How many jobs the Wichita school district will cut was still uncertain Monday night despite passage of a new state budget, superintendent John Allison told school board members.
Allison has already proposed more than $14 million in cuts. He said the House budget bill, which was approved by the Senate on Monday and sent to the governor, may make further cuts unnecessary.
"I've not seen copies of that," Allison said of the final budget. "I'm a little hesitant to be too optimistic.... The devil is in the details."
The House budget partly counts on federal money that Kansas doesn't have a guarantee of receiving, he said.
"If they don't come to fruition, we're looking at cuts as the year moves forward," Allison said.
The district must notify teachers who will lose their jobs next school year by May 21. Allison originally planned on announcing the cuts on Monday, but he decided to postpone them because of budget discussions in Topeka.
Board members voted unanimously Monday to close Metro-Midtown Alternative High School to help counter anticipated budget shortfalls next school year.
The closing is expected to save the district $1 million. Current Metro-Midtown students are meeting with counselors and will have an option to attend one of the district's two remaining alternative high schools next year.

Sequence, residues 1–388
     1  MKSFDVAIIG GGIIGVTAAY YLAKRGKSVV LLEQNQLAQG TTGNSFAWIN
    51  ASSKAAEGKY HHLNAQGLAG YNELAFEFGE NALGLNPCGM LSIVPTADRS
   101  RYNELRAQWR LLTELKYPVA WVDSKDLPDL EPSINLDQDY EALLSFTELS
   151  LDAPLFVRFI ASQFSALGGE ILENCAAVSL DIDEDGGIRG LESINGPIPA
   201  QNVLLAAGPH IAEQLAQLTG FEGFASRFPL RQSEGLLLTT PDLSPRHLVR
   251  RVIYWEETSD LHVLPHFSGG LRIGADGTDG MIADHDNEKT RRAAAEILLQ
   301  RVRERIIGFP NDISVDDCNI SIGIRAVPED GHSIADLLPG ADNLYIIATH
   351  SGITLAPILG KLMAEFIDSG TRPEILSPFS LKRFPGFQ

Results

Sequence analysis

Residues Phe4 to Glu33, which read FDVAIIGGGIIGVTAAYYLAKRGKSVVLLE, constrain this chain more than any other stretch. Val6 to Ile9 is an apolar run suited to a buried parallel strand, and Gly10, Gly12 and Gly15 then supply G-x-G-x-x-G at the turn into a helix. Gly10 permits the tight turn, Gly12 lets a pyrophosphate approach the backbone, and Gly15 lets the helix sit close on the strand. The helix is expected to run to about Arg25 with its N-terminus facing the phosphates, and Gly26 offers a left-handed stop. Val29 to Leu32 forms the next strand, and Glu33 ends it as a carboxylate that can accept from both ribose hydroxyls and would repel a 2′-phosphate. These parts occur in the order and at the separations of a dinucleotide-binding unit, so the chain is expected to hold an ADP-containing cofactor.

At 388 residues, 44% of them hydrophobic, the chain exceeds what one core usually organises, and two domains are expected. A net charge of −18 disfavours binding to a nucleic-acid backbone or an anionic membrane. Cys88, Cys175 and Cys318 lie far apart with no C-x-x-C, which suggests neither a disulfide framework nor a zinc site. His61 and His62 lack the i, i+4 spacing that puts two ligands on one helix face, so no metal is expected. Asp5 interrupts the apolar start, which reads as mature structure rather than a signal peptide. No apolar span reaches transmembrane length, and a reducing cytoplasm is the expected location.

"This recommendation not only allows us to save an additional dollar amount, but it's also one of the only ones (where) we didn't have to curtail services because we can meet the needs of the students at other metros," Allison said.
In other matters, the board approved a $7.7 million contract with Coonrod and Associates Construction to build the new north elementary school, funded by the $370 million bond issue that voters approved in 2008. Construction is set to start this summer, with doors opening in fall 2012.
The new 450-student school will be built on the site of the Arkansas Avenue building at 3361 N. Arkansas. The old building will be torn down in June.
The district is working with the city to upgrade and expand 33rd Street North to serve as a drop-off area, said Kenton Cox of Schaefer Johnson Cox Frey, the architecture firm working as bond project planners.
The project bid came in $1 million under the original bond plan budget, district officials said.
The district is still discussing where to place the roughly 60 students in the Arkansas Avenue-Gateway alternative programs, district spokeswoman Susan Arensman said. The school now houses the programs for regular and special education students in middle and high school who have been suspended or expelled from their assigned school.